Chants filled the auditorium as the crowd warmed up: "Monica Garcia. No es mi amiga!" "Change your vote! Change your vote!" people roared.

When she tried to defend herself, students hooted and booed. When Jackie, a particularly fearless high school student reached the mic, she reminded everyone that Garcia claimed to be a friend of the community. Then she turned to Garcia and said: "You're a big liar!" The crowd erupted.

A week later, a rally organized by the teachers, students and parents at Liechty Middle School drew 350 outside a school board meeting. There, kids and parents surrounded Garcia and sang, "Give yourself a pink slip" over and over until she slunk away."

Cortines, for his part, is reportedly unmoved. In response to our strike threat, he stated:

Our students need their teachers. They need them in class every day teaching them to read, write, think and speak. We need our teachers there to ensure vital instruction is occurring, schools are safe, and advanced placement and state testing goes on as planned.

It is irresponsible for the UTLA leadership to push this work stoppage action that violates the law and the union contract. We value our teachers and expect them to carry out their teaching responsibilities every single day, including Friday, May 15.

The man responsible for laying off 4,000 teachers when Obama has given him the money to save every job reminds us that "our students need our teachers." "Hypocrisy" doesn't even begin to describe Cortines' stance.

In fact, UTLA is fighting precisely because our students need our teachers--which is why they shouldn't be laid off. Our one-day strike is meant to defend our schools, to save every job, and to call out the district for its racist and indefensible budget cuts.

And as the teacher from Manual Arts told me, "Our strike will also challenge our own sense of powerlessness." We are fighting for ourselves as well as our students, he said, adding, "we should have direct, democratic control over everything that happens in our lives."

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Featured at Socialism 2009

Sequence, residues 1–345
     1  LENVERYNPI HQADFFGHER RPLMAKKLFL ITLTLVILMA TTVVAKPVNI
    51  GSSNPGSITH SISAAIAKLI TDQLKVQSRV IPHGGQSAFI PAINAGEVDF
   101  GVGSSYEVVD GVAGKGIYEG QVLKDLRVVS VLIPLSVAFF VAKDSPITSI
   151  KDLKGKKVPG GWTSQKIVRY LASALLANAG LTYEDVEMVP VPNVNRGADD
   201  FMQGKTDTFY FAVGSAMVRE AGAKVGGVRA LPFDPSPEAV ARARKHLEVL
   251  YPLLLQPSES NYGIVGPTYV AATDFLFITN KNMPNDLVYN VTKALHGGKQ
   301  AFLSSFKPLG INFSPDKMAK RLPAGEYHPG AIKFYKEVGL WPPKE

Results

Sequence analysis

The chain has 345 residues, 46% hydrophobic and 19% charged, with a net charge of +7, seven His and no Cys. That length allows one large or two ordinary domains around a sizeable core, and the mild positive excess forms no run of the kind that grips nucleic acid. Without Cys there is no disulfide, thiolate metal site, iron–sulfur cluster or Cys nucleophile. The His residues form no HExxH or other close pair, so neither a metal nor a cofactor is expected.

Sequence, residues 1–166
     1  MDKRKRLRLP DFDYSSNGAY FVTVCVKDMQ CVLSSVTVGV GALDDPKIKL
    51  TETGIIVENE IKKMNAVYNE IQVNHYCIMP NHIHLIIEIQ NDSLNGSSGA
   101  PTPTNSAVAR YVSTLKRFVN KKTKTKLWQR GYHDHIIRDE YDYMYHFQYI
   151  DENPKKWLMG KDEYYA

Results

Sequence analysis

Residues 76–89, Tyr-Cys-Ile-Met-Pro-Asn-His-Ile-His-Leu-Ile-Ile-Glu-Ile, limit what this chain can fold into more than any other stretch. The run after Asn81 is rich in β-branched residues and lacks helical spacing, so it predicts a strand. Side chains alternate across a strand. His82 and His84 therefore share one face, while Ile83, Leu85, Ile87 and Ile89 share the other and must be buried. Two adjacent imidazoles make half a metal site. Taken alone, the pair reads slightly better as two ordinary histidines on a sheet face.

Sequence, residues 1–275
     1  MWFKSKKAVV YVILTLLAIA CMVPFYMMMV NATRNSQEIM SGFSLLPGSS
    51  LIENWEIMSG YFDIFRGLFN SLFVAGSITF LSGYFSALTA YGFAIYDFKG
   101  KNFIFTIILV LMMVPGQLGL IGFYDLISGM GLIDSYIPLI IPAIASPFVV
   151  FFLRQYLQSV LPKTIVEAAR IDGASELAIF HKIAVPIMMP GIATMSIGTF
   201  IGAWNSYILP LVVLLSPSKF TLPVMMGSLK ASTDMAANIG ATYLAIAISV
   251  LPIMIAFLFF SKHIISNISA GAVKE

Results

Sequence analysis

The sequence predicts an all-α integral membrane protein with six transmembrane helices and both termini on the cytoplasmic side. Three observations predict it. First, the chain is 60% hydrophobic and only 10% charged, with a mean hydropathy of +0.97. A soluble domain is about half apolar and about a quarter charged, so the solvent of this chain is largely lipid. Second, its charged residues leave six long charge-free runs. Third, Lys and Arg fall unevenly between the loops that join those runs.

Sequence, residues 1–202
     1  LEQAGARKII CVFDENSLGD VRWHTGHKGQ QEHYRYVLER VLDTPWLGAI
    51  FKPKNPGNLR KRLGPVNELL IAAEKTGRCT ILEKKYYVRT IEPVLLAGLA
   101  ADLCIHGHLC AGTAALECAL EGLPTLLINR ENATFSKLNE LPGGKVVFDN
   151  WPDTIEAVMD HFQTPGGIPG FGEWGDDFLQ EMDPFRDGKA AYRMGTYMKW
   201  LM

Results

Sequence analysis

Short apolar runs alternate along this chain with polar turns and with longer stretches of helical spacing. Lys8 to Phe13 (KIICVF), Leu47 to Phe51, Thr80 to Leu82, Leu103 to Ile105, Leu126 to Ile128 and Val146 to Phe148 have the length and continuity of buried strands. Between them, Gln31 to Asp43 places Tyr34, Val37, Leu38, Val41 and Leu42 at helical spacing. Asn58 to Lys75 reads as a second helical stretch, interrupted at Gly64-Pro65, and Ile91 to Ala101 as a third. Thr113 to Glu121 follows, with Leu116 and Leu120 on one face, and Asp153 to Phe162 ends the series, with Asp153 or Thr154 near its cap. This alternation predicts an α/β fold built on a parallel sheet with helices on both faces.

Hear David Rapkin at Socialism 2009 [1] in San Francisco, speaking on "Social Unionism: Putting the Movement back in the Labor Movement." Check out the Socialism 2009 [2] Web site for more details. See you at Socialism!

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Material on this Web site is licensed by, under a Creative Commons (by-nc-nd 3.0) [3] license, except for articles that are republished with permission. Readers are welcome to share and use material belonging to this site for non-commercial purposes, as long as they are attributed to the author and


Wednesday, May 06, 2009

Oakland's small schools movement, 10 years later

Leonie wrote:
A very thoughtful article about the limitations of the small schools movement – esp. now the Gates money is beginning to dry up.

“Jack Gerson, a teacher at Castlemont's Leadership Preparatory Academy and a teacher union leader, said the small schools movement has brought a welcome sense of calm and community to his East Oakland campus. But that's not enough, he said. Students at his school need smaller class sizes, well-supported, well-trained teachers, and interesting lessons that aren't narrowly focused on standardized testing preparation.”

These conditions – especially smaller classes -- were all considered essential to the leaders of the small schools movement when it started years before, but were purposely ignored by the Gates foundation and those intermediary organizations that were eager to take the Gates money, here in NYC and elsewhere.